Therapy for Anxiety & Grief
Anxiety itself is not a bad thing; in fact, it is usually protective. It's what compels us to lock our doors, study for tests, and look both ways when we cross the street. But sometimes anxiety gets out of control and hijacks the brain. When this happens, the body reacts. Learning how to calm our bodies through the use of effective therapy techniques can give us the pause we need to retrain our brains and tame the anxiety to a manageable level.
When we become dysregulated, daily life can become a challenge. It is normal to have feelings of stress, anxiety, and depression during abnormal times. I can offer you some physical and psychological first aid to help you manage these emotions and provide you with tools you can use right now to feel better and to stay connected to yourself and your loved ones.
More people are experiencing grief than ever. In the United States, more than 500,000 people are known to have died from COVID19. It is estimated that each death leaves behind an average of nine bereaved family members (grandparent, parent, child, spouse, siblings), as well as neighbors, co-workers, friends. Others are mourning as well. While some are grieving for the grief-stricken, after reading their annotated life stories in the newspaper or seeing images of bodies being carried out of hospitals, many of us are also feeling grief for all the other kinds of losses we are experiencing. Loss of job, school, routine, weekend plans. Some of us have lost our social circles, and others have no more alone time.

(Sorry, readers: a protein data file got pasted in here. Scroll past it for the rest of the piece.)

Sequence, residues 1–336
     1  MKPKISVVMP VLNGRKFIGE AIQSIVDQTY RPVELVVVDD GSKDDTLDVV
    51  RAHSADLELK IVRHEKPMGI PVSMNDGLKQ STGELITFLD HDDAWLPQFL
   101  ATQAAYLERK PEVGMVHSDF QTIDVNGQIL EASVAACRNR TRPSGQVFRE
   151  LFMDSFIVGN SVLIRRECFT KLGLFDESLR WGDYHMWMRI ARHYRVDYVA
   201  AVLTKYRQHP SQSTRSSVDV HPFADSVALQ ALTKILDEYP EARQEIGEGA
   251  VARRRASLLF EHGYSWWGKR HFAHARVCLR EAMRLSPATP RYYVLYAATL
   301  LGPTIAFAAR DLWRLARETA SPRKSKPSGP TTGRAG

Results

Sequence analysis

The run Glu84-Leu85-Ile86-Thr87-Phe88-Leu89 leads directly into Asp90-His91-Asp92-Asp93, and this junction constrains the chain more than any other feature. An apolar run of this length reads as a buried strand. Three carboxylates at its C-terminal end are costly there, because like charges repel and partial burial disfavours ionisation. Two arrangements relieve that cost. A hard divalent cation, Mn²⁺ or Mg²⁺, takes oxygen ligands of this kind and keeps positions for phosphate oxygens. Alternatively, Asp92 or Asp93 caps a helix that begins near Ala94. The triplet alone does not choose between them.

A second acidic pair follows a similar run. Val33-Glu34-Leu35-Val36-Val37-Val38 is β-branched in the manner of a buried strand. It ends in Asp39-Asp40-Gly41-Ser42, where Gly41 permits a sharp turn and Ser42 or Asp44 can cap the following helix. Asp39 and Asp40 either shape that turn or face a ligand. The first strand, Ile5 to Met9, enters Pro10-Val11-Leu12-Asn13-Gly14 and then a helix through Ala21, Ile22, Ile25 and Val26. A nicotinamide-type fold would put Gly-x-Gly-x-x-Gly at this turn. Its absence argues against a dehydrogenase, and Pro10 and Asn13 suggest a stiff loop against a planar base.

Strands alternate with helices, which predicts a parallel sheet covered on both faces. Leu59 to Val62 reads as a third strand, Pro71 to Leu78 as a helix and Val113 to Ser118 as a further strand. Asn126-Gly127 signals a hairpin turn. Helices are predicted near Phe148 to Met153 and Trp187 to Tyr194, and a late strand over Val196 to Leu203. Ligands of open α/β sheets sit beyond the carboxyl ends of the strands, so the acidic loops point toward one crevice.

Grief produces physical symptoms such as feelings of exhaustion, a need for sighing, muscle tension and pain, uncontrollable weeping, a sense of numbness. It can alter your appetite and ruin your sleep. Emotions of sadness, despair, anger, worry can feel overwhelming, especially when everyone around us is grieving too. If you are experiencing such feelings, sharing them can help. I can offer you a safe haven for support and strategies to begin to feel better.